They based their
theology on the changeability of the soul. How could the soul be divine
and immortal, they asked, if it is capable of changing, falling and
sinning? Because it is capable of change, they reasoned, it cannot be like
God, who is unchangeable.
Origen took up
the problem of the soul's changeability but came up with a different
solution. He suggested that the soul was created immortal and that even
though it fell (for which he suggests various reasons), it still has the
power to restore itself to its original state.
For him the soul
is poised between spirit and matter and can choose union with either:
"The will of this soul is something intermediate between the flesh
and the spirit, undoubtedly serving and obeying one of the two, whichever
it has chosen to obey." If the soul chooses to join with spirit,
Origen wrote, "the spirit will become one with it."
theology, which linked the soul with the body, led to the ruling out of
preexistence. If the soul is material and not spiritual, then it cannot
have existed before the body. As Gregory of Nyssa wrote: "Neither
does the soul exist before the body, nor the body apart from the soul, but
... there is only a single origin for both of them."
When is the soul
created then? The Fathers came up with an improbable answer: at the
same time as the body - at conception. "God is daily making
souls," wrote Church Father Jerome. If souls and bodies are created
at the same time, both preexistence and reincarnation are out of the
question since they imply that souls exist before bodies and can be
attached to different bodies in succession.
The Church still
teaches the soul is created at the same time as the body and therefore the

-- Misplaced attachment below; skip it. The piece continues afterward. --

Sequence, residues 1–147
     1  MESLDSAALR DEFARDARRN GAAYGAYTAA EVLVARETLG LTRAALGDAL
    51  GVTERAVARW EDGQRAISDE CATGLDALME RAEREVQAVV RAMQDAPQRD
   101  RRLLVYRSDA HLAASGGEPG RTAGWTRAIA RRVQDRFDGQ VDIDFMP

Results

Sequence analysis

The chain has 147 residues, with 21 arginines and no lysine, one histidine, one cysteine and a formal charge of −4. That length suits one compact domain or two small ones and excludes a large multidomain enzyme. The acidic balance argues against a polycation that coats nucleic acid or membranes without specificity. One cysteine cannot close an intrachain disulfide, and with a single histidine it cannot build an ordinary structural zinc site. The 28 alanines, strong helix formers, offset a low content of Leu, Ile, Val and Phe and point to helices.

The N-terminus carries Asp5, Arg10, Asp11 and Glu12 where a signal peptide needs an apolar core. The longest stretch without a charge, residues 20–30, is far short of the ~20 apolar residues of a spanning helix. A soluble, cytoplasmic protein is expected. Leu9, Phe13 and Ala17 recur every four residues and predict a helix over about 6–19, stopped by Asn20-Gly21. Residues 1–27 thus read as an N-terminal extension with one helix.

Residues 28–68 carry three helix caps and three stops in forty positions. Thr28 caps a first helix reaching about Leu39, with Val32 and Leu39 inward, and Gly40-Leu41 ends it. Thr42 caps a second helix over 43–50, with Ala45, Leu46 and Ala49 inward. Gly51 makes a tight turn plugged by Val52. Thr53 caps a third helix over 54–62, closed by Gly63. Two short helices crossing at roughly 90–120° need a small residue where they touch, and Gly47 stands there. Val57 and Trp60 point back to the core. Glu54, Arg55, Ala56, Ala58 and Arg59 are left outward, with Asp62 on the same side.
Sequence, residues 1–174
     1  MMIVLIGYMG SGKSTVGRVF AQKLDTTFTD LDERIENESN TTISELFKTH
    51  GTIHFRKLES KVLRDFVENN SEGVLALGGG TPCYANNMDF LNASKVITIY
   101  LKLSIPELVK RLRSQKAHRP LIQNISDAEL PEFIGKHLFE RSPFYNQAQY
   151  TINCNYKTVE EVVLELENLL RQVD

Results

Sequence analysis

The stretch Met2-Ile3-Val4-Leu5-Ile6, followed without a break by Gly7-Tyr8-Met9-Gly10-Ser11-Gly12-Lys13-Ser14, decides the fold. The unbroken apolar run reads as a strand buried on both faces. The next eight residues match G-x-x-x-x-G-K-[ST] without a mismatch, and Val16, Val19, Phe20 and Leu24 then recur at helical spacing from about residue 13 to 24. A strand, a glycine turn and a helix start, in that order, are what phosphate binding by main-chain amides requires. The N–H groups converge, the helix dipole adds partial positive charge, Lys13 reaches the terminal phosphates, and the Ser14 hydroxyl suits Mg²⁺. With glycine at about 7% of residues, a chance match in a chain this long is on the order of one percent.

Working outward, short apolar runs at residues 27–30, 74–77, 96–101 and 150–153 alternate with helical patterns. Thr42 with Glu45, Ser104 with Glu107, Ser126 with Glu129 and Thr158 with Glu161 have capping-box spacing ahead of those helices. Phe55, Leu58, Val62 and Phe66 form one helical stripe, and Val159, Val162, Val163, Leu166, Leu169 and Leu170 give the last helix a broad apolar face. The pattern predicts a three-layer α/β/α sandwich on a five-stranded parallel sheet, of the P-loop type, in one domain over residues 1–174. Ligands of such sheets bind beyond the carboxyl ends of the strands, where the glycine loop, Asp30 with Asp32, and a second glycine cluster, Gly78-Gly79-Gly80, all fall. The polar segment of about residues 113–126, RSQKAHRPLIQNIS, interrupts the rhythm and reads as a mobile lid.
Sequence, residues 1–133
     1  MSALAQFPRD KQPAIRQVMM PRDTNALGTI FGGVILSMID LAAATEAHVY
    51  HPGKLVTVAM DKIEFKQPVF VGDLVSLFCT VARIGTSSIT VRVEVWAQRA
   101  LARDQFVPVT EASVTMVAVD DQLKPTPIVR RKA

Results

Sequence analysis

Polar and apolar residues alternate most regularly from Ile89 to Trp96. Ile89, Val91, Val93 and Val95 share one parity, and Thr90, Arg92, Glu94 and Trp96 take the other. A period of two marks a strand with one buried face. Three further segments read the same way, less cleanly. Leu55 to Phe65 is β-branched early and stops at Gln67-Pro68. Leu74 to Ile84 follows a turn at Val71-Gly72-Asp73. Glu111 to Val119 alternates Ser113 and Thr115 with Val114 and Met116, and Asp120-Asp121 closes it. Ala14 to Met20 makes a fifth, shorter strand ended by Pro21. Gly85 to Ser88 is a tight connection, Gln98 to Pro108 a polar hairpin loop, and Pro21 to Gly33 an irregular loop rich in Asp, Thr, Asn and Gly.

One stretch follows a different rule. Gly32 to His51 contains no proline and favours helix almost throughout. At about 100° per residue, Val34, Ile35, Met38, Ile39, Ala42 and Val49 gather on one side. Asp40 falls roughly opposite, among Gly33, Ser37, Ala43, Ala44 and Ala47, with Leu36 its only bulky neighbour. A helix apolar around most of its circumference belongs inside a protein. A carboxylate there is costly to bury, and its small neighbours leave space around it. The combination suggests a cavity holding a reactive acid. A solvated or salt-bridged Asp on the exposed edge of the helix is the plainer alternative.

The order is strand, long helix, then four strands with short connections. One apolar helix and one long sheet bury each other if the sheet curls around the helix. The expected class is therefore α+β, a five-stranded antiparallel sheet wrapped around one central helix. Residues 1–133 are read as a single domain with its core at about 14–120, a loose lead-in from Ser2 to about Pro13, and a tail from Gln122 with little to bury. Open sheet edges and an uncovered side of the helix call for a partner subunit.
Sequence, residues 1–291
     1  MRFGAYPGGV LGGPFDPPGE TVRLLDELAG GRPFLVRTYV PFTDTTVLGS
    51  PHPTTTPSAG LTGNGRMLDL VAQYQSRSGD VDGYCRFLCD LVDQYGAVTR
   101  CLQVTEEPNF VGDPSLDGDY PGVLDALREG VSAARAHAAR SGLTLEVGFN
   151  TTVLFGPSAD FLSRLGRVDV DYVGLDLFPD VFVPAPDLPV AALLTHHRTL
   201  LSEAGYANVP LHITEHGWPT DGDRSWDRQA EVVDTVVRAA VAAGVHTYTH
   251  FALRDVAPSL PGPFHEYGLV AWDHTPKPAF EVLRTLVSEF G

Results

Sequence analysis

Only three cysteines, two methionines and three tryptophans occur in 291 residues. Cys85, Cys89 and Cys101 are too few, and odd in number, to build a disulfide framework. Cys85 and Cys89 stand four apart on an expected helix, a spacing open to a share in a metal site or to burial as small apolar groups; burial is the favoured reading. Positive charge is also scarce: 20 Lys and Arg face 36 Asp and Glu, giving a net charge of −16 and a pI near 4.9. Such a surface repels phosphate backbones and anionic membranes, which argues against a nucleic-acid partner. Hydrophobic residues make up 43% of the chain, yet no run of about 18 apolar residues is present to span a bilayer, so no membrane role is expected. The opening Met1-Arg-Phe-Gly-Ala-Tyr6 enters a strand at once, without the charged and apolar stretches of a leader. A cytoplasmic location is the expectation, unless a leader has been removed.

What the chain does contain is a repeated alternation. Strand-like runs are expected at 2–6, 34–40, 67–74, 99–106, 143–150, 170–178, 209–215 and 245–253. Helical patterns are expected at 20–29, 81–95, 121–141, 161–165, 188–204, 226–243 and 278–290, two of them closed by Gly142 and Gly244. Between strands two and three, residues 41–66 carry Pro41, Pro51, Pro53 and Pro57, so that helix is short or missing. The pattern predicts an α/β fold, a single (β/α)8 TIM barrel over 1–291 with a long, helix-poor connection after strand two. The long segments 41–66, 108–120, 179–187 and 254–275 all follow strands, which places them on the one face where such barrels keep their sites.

soul and the body are a unit.
This kind of
thinking led straight to the Arian controversy. Now that the Church had
denied that the soul preexists the body and that it belongs to the
spiritual world, it also denied that souls, bodies and the created world
emanated from God.
When Arius asked
whether the Son had a beginning, he was, in effect, pointing out a
fundamental flaw in that doctrine. The doctrine did not clarify the nature
of Christ. So he was asking: If there is an abyss between Creator
and creation, where does Christ belong? Was he created out of nothing like
the rest of the creatures? Or was he part of God? If so, then how and why
did he take on human form?
The Church tells
us that the Arian controversy was a struggle against blasphemers who said
Christ was not God. But the crucial issue in the debate was: How is humanity saved - through emulating Jesus or through worshiping him?
claimed that Jesus became God's Son and thereby demonstrated a universal
principle that all created beings can follow. But the Orthodox Church said
that he had always been God's Son, was of the same essence as God (and
therefore was God) and could not be imitated by mere creatures, who lack
God's essence. Salvation could come only by accessing God's grace via the
believed that human beings could also be adopted as Sons of God by